Invasive Animal Program
Large and small, terrestrial, freshwater, estuarine, and marine -- invasive exotic animal species in a range of different sizes, shapes, and forms have invaded Florida in recent years. Nonnative reptiles, amphibians, birds, mammals, and fresh and salt-water fish species have invaded and now call south Florida home, sometimes at the ecological expense of native animal species, and often at the financial expense of humans.
What are native, nonnative, exotic, and invasive species?
Multiple factors promote the success of exotic animal species in south Florida. Humans contribute to the rate of species introduction by unintentional importation on ships and even airplanes, and by intentional importation for the pet trade. Although south Florida is surrounded by water on only three sides, freezing temperatures form an ecological northern boundary, and the resulting tropical island-like conditions account for much of south Florida's susceptibility to exotic animal invasions. The most successful invaders outcompete native species and typically have few biological controls to keep them in check. Learn about the park's invasive animal management tactics at the following links:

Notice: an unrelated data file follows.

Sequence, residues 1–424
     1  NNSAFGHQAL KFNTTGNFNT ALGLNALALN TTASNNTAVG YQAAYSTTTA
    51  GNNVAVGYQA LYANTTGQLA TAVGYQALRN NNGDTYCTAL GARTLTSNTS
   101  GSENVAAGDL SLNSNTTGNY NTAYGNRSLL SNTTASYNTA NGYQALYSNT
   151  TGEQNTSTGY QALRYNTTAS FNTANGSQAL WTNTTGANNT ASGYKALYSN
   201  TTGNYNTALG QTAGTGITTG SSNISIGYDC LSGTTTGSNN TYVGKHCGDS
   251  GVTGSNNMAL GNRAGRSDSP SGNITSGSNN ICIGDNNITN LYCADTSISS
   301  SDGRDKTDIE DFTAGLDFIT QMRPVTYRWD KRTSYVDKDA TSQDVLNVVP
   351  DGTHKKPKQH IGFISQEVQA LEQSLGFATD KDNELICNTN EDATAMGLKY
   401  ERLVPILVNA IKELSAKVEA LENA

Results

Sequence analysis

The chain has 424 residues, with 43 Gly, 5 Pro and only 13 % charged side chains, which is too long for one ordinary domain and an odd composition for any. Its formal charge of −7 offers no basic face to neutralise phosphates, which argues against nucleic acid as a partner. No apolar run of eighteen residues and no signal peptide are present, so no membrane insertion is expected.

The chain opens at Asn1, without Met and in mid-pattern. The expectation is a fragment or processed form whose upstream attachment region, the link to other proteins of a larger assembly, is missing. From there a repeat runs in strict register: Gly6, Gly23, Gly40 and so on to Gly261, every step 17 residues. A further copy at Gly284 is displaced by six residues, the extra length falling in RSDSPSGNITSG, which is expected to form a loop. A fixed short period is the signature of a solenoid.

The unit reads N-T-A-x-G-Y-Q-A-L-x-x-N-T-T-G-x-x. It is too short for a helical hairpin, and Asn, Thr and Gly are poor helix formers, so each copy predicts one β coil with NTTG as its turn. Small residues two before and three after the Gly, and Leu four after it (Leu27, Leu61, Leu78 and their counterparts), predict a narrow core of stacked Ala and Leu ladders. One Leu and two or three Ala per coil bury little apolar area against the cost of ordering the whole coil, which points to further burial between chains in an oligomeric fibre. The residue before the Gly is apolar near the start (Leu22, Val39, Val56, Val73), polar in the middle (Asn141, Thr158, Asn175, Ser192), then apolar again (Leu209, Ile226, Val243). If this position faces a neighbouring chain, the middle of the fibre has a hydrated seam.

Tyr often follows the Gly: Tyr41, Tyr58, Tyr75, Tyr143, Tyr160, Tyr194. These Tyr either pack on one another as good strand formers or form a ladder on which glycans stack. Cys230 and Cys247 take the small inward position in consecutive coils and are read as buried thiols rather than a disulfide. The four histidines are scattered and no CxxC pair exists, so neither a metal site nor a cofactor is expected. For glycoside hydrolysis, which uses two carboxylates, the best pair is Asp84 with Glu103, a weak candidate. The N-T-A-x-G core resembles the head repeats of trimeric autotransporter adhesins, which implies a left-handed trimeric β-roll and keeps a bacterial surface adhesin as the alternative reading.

What Can You Do to Help?
Visit the Florida Invaders website and download the publication.
Did You Know?
Of the 27 species of snakes in Everglades National Park, only four are venomous – the cottonmouth, the diamondback rattlesnake, the dusky pygmy rattlesnake, and the coral snake. The snake to the left is the non-venomous, endangered Indigo Snake.